go reasonably well yesterday. I am not referring to the results here but the process. Your view of the results will depend on which side of politics you choose to support.
I voted reasonably early in the day. It would have been earlier if the Senior Cat had managed to surface a little earlier. He was behaving like a Night Owl and determined to finish a book the previous night.
Having voted (and it took me nearly twenty minutes to do my own thing and fill out the Senate paper below the line) I prowled out only to be greeted by someone I only know by sight. He obviously knows me rather better because he promptly accosted me with an urgent hiss, "Cat, can you help me?"
What was the problem? He had broken his glasses that morning and would not be able to read the ballot papers. I queued again with him and, after he had explained, I showed him where to place the numbers he wanted. Thankfully, a simple and straightforward vote for a major party.
I then went off to keep my date in the neighbouring electorate. Yes, they were just arriving. My former student's carer left him in my care. We queued just like everyone else, papers at the ready. I had advised the AEC beforehand and we went in. My student was asked for his name - and indicated by looking at it on his wheelchair tray, asked if he had voted before at this election. "No" by looking down at the floor. His name was marked off. The papers were put on his wheelchair tray and we were given a space in a quiet corner. It took a little while but the papers were eventually marked to his satisfaction. I folded them and, on a nod from him, placed them in the appropriate boxes. He was looking terribly earnest and serious and I could not tell what he was really thinking. Then, outside, he broke into one of his brilliant grins and just about knocked me flat as his arms flailed uncontrollably around.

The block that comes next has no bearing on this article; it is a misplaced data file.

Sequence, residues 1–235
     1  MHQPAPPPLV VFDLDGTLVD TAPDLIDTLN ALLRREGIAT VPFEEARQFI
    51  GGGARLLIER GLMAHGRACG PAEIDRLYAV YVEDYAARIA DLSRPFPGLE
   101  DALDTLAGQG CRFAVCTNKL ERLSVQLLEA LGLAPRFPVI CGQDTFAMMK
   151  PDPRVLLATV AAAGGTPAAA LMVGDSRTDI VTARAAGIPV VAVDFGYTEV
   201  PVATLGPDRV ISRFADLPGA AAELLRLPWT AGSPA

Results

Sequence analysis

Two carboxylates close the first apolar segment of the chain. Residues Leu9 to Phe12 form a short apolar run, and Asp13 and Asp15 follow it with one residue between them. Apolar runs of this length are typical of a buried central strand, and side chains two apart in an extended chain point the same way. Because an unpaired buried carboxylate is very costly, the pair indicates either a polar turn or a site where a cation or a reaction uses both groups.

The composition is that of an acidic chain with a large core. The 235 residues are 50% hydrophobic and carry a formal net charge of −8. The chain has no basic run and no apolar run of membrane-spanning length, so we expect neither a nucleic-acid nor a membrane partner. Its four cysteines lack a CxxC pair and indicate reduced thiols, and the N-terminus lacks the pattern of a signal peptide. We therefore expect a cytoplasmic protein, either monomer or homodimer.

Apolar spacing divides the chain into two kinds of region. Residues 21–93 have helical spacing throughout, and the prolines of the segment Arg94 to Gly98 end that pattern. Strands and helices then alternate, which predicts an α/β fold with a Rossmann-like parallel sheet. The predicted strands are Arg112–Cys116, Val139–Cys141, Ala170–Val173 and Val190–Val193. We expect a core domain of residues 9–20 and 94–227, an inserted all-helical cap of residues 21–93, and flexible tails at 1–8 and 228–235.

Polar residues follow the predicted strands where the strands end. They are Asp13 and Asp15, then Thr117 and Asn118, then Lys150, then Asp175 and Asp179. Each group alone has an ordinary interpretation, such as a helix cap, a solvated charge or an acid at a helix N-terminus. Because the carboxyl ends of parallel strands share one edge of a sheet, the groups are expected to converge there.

By arrangement I went on to help several other people who needed assistance during the day but they are articulate and sight impaired or unable to write. They made straightforward votes and all above the line for the Senate but none of them were quite the thrill his vote was. His was thoughtful and careful and I could guess at his reasoning.
It was a good moment. He had, at the age of 42, voted just like the majority of other people for the first time in his life. He experienced the right to line up and participate the way most people do it. He did not have to worry his postal vote might not get there.
This man was once the child of whom people once said, "He'll never learn anything."
Never ever say that of anybody.